Mesa Grande District in San Diego County about 20-25 km to the east of Pala.  It is actually closer to 
Palomar than Pala... Small oversight considering the many natural and interesting minerals present!


Just around the corner from the three tourmalines is a knockout display of native gold specimens. 
The majority are specimens from the California "Mother Lode" country.  These pictures are merely 
a fraction of the more than 100 superb specimens on display.

From this point forward I will present individual specimens from the exhibit.
These are all world class specimens for the various species.

These two specimens are each cabinet sized pieces.  The cuprite is from Bisbee and 
consists of brilliant ruby red crystals of cuprite.  The specimen on the right is of covellite 
with bladed crystals reaching 6-7 cm across. 


Here are four specimens from Mexico.  The specimen on the left is of Scorodite with crystals 
to 1.5 cm across!!! The specimen on the top right is wulfenite with mimetite from the San Francisco 
Mine.  The specimen on the lower left is also a wulfenite specimen - a very large one at over 25 cm 
across from the San Francisco Mine and the specimen in the lower right is a perfect sixling of 
cumengite from Baja California which measures just under 2 cm across. 


Here are two interesting specimens:  a crocoite on the left with crystals to 4-5 cm and 
on the right is a picture of a "cut and rough" group of  gem phosphophyllite pieces from Bolivia. 


These two are both spectacular: The kunzite specimen on the left, from Brazil, is over 40 cm! in
height and the rhodochrosite from N'Chwaning on the right is a gorgeous blood red specimen that is 20+ cm across. 


Moving through the museum you encounter some really remarkable specimens such as this 20 cm 
Smoky Quartz specimen with a ring of rose quartz crystals wrapped around it and a superb specimen of 
stolzite from Australia with crystals to 1 cm across. 


These are yet two more of the many treasures in the exhibit: a 3 cm crystal cluster of veszelyite from 
Montana and a 20 cm specimen of white barite with two rich lavender colored crystals of fluorite from Spain.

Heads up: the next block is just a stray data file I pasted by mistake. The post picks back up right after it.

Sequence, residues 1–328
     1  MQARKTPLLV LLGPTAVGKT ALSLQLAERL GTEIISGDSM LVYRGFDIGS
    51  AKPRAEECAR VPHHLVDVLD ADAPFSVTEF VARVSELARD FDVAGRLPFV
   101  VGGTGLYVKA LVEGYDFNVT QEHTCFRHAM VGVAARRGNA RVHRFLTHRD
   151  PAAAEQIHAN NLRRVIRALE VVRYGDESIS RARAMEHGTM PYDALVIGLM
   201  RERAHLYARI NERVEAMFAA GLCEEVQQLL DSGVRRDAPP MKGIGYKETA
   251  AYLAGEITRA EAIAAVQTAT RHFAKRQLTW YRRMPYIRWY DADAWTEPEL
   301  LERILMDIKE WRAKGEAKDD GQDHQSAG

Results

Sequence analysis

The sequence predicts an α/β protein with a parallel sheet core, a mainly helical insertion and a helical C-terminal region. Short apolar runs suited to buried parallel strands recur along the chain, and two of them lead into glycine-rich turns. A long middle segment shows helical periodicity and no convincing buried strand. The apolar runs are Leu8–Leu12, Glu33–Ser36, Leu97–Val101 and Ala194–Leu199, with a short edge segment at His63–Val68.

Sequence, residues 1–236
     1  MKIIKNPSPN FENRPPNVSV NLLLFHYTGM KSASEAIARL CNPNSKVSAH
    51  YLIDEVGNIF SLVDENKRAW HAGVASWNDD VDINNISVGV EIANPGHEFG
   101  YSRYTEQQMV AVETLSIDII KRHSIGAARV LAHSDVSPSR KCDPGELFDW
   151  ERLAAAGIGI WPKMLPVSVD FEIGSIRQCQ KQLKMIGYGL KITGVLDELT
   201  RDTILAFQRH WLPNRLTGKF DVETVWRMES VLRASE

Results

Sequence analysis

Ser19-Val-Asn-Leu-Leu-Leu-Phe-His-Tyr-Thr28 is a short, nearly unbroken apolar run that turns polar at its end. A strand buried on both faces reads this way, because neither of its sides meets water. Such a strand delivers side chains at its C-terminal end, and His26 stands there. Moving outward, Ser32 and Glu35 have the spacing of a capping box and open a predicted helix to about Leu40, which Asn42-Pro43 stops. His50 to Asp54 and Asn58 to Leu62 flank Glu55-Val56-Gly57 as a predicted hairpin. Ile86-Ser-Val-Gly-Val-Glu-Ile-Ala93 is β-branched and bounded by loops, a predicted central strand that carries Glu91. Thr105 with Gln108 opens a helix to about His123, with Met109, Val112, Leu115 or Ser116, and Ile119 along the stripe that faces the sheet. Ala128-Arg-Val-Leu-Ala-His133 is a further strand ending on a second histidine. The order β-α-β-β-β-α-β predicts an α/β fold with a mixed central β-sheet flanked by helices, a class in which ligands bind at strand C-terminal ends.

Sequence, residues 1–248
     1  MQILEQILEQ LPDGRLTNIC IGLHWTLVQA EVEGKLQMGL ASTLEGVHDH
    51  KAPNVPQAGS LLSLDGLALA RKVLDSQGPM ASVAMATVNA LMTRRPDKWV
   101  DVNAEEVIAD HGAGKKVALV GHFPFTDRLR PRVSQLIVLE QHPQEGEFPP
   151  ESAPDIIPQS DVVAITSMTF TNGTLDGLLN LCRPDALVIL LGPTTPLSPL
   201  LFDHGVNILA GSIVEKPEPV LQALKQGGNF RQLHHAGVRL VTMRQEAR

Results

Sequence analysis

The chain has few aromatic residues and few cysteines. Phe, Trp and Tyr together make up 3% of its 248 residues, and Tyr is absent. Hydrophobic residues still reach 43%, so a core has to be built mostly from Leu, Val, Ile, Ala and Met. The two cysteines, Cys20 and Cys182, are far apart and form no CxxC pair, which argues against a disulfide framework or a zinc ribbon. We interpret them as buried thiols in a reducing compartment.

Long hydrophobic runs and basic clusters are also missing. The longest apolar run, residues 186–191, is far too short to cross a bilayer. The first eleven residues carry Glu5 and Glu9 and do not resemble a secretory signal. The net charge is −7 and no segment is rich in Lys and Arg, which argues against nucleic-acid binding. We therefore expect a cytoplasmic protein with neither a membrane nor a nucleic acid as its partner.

As you wander through the exhibit you'll encounter theme areas as mentioned earlier in this page.
One of the interesting theme displays is the one on minerals from Tsumeb. There are over 20 world
class specimens on display.  The four here clockwise from top left are: 4.5 cm specimen of
ludlockite, a 6 cm specimen with stottite crystals about 0.5 cm across, an 8 cm specimen of
stalactitic cupriansmithsonite and a 9 cm crystal of azurite partially pseudomorphed to malachite.


One of the "John Veevaert"* measures of the quality of a mineral museum's exhibit is the presentation
and aesthetics of its benitoite specimens.  The Smithsonian has the largest cut (6.5 ct) stone of benitoite I am
aware of.  The two other specimens on display have impressive sized crystals but they are kind of busy looking 
to me.  The specimen on the upper right is a crystal about 3 cm across which is enormous for the species. It is a 
great specimen but would be a sensational specimen if it were not cluttered by the smaller crystals. The piece on 
the upper left has some rather heavily fractured crystals.  The cut stone is the best of the display in my opinion. 
It would be nice to see the museum track down a truly superb specimen of benitoite.  Here is a request from a US
Taxpayer to the US Government:  Please take the money I pay in taxes and save it up for 2 years and get a 
GOOD TRIPLY TERMINATED BENITOITE for the nation. Thank you! 

(*My opinion is, of course, only mine and means something only to me.)

Moving through the mineral exhibit you enter a hall devoted to planetary information.  There are displays on the geologic history of the earth and some other displays on the earth's closest neighbor - the moon and some of the debris from space which finds its way through the earth's atmosphere - meteorites.

These two shots are of a very small percentage of the meteorites on display.  In addition to the metallic 
specimens there are numerous stony meteorites and stony irons as well as many other solid metallic 
specimens.   There's enough iron on display here to damn near build a Sherman tank!


The last item for display here on this page is a small chunk of the moon gathered by 
Apollo 15 in 1972.  Imagine what the moon must have tucked away in its interior. 
Obviously, the chance for oxidation minerals is remote due to the lack of water and 
atmosphere like that found on earth.  But somewhere there's got to be a pocket of 
some interesting silicate minerals like tourmaline and maybe something blue and triangular(?)...

This concludes this VERY brief overview of the Smithsonian Institution.  This museum is one of the finest there is for mineral specimens.  I found it to be an aesthetically and informatively laid out exhibit.  Well worth the time to visit!


The Firenze Mineral Museum
Florence, Italy
The Smithsonian Institution
Washington, DC
The Milan Museum of Natural History &
The Federico Pezzotta Elba Island Collection
The California Mining & Mineral Museum 
Mariposa, California
The Los Angeles County Museum of Natural History
Los Angeles, California

Trinity Mineral Co Tsumeb Mineral Shows Mineral Books Mineral Auctions Mineral Museums Benitoite Mine Rare Minerals

All text, specimen images, and graphics are copyrighted © 2001-2006 - John Veevaert